This post is based on Week Four of An Ignatian Prayer Adventure.When I was first introduced to Ignatian spirituality more than 40 years ago, I had to answer the question, “Who is God for you?” I realized that my prayer had always been directed to Jesus. I had a general idea of God the Father, and I sometimes experienced the presence of the Holy Spirit, but it had always been Jesus whom I addressed in my own words, outside the limits of formal prayer. In spiritual direction, I’ve repeatedly heard the same answer; interestingly, the directees who pray to a vague, omnipotent, eternal God have the most difficulty in prayer.
Who, then, is Jesus? The Gospels, particularly the first two chapters of Luke, which we read this week in our Ignatian Prayer Adventure, place a lot of emphasis on recognizing Jesus’ divinity and messiahship. Mary is told that the Child to be born of her is the Son of God (Luke 1:35). The shepherds are told that, “a Savior has been born to you; he is the Messiah, the Lord” (2:11). And when Mary and Joseph bring the Child to the Temple to fulfill the requirements of Jewish law, he is recognized by not one but two God-centered laypeople (2:22–38). The trend continues throughout the four Gospels, as for example, when demons expelled by Jesus recognize him at the beginning of his ministry (Mark 1:21–26) and quite dramatically in Peter’s oft-quoted, “You are the Messiah, the Son of the living God” (Matthew 16:13–16).
It occurs to me, particularly in praying over the familiar passages that we read every year from the week before Christmas until Epiphany, that all these recognition scenes are told and emphasized because Jesus was first encountered as a very ordinary-appearing human baby. The adult Jesus must also have been seen as an ordinary rabbi—until people personally experienced his authentic teaching and his healing power.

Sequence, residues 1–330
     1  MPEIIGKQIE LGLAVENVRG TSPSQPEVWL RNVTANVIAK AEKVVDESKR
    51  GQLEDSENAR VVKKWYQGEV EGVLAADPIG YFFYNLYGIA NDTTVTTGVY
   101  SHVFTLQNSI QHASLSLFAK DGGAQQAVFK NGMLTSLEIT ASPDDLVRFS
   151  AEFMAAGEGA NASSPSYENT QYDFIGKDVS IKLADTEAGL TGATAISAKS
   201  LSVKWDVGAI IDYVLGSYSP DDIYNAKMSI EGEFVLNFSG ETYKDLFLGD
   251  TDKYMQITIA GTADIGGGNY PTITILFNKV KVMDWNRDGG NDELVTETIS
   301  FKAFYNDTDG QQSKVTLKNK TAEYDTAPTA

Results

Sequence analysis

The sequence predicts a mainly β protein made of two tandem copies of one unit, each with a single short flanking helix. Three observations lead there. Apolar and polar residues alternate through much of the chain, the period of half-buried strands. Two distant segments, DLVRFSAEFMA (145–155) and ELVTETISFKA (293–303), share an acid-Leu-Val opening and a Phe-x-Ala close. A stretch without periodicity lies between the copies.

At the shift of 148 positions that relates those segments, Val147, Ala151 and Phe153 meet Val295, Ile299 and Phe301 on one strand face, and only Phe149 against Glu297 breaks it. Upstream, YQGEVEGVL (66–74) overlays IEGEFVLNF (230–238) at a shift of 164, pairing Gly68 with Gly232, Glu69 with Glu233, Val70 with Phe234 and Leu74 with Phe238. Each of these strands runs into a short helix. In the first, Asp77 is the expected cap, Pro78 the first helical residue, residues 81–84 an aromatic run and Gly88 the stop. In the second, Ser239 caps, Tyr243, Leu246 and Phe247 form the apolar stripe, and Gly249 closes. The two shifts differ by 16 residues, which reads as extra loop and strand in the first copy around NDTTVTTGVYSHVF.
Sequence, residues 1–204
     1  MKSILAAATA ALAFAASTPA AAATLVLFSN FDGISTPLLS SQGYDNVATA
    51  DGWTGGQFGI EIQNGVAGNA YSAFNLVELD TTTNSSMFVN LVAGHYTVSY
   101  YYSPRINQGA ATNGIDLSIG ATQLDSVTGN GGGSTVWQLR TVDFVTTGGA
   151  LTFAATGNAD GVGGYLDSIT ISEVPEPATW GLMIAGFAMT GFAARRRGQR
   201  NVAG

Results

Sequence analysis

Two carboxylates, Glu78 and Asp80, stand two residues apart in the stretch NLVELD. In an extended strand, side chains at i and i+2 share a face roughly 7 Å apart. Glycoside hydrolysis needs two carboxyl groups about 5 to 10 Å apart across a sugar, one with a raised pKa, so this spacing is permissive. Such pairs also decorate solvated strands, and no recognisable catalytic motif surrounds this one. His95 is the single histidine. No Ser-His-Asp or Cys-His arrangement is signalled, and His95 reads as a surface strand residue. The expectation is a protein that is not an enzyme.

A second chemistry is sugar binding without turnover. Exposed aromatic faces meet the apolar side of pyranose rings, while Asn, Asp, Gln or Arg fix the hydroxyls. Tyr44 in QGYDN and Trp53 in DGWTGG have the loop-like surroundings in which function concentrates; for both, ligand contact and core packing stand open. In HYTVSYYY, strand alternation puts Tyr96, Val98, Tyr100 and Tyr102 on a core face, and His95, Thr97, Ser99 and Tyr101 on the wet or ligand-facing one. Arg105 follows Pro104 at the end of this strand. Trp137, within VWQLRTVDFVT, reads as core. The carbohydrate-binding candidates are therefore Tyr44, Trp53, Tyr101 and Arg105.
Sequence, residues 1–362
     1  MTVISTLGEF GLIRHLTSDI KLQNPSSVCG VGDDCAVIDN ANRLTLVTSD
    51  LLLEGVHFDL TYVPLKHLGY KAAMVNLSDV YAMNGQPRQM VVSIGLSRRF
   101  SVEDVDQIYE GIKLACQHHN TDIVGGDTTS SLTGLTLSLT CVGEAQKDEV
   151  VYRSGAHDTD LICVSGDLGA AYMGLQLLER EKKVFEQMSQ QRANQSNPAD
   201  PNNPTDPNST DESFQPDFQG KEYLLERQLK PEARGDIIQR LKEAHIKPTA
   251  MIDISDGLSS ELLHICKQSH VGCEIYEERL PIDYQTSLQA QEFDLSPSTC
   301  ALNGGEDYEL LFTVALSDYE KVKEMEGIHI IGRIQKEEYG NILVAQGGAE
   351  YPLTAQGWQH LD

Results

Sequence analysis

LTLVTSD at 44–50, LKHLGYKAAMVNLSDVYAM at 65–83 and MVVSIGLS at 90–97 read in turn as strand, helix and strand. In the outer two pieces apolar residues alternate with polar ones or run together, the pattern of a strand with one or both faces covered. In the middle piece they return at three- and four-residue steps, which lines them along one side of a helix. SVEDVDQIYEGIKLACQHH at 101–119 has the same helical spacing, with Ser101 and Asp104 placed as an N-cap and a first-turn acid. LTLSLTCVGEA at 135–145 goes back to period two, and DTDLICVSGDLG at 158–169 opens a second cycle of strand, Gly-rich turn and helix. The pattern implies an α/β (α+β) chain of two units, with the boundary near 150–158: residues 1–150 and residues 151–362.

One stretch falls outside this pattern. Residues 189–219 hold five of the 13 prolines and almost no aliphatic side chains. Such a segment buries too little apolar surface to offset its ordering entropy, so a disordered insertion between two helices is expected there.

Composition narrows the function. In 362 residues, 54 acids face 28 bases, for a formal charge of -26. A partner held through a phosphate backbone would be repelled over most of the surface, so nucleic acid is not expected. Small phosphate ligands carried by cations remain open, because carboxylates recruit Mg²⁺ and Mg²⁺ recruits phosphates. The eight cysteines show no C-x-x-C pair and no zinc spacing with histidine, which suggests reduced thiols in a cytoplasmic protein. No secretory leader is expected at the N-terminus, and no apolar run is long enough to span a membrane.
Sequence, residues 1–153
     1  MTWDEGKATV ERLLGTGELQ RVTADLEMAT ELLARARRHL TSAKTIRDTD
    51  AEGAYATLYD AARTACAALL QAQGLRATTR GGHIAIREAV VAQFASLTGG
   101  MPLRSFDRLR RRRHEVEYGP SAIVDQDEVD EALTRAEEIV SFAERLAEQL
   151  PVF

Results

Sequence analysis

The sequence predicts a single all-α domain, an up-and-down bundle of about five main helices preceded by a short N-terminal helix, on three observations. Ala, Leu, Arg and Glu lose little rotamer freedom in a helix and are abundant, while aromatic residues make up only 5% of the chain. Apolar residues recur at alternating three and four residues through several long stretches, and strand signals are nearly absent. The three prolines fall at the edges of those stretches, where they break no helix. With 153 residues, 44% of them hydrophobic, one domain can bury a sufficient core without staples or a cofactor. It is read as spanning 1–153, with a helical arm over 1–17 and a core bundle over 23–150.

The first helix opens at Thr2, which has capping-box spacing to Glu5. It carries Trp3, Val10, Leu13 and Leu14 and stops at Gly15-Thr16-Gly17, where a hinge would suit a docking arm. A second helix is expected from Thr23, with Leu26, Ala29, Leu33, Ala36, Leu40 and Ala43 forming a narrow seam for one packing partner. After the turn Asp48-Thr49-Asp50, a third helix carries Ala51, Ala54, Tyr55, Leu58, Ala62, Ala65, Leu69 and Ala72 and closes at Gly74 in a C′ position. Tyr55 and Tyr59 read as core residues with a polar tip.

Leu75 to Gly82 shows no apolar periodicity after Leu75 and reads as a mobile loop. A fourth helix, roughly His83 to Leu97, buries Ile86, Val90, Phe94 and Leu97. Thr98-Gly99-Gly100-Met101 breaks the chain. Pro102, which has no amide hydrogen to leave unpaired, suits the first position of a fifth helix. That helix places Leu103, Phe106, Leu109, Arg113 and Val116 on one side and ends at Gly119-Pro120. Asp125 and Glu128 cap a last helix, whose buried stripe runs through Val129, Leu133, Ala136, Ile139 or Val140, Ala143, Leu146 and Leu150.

We know that Jesus was both human and divine—but it’s sometimes hard to wrap our heads around the divine part. It’s easier for many of us to understand Jesus our Brother and to pray to Jesus the Person—the living, breathing person who ate and drank and laughed with his friends; who felt real compassion for the people he healed; and who was frustrated and hurt by the taunts of his enemies. Because Jesus was fully human, he is our model of how we humans are called to live a God-centered life. We will be called to a deeper understanding of that experience in the coming weeks of our retreat.
For me, understanding who Jesus is also challenges me to turn the question around, to ask Jesus, “Who do you say that I am?” As we grow in imitation of Jesus, we may be given new and unexpected graces and called to new challenges, even to new ways of identifying ourselves. I heard a call to be a spiritual director in my mid-70s and published a book about Ignatian spirituality for the aging a few months after my 80th birthday. I relate in a very personal way to the story of 84-year-old Anna in the Gospel story of the Presentation (Luke 2:36–38). I am still discovering who Jesus is and who he calls me to be.
Who do you say that Jesus is? Who does Jesus say that you are?
Art: “The Prophetess Anna” by Rembrandt [cropped], public domain via Wikimedia Commons.